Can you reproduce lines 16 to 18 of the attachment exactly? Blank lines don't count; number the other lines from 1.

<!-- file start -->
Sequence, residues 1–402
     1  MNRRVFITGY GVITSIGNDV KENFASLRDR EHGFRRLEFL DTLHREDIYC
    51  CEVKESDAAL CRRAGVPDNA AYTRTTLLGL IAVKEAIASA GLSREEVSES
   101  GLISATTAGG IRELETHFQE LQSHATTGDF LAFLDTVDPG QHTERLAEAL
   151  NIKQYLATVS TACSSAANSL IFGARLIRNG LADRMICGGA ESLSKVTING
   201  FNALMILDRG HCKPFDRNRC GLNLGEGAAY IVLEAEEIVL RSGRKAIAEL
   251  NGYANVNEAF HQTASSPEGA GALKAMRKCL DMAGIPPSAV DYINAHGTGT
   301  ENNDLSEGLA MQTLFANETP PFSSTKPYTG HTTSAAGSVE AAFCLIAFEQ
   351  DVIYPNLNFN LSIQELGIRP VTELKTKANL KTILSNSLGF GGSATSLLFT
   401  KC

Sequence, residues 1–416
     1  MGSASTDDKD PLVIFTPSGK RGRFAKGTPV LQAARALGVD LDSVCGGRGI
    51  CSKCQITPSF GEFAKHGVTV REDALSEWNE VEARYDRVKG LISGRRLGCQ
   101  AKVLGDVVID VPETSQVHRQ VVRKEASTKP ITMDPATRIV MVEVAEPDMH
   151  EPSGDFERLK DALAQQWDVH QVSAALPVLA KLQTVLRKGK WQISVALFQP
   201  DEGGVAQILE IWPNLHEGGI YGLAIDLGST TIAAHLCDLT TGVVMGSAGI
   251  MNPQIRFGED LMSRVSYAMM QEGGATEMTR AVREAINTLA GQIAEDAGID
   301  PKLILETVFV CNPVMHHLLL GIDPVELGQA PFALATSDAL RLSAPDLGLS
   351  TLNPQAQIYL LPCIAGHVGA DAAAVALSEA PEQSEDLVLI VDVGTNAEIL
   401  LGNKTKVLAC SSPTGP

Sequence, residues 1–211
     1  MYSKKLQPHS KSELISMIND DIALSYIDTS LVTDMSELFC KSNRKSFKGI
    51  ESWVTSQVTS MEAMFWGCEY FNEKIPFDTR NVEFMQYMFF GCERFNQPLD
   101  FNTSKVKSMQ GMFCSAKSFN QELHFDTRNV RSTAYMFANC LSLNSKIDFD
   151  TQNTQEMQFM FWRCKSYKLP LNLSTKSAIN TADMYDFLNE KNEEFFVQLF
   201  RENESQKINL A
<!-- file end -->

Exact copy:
   201  DEGGVAQILE IWPNLHEGGI YGLAIDLGST TIAAHLCDLT TGVVMGSAGI
   251  MNPQIRFGED LMSRVSYAMM QEGGATEMTR AVREAINTLA GQIAEDAGID
   301  PKLILETVFV CNPVMHHLLL GIDPVELGQA PFALATSDAL RLSAPDLGLS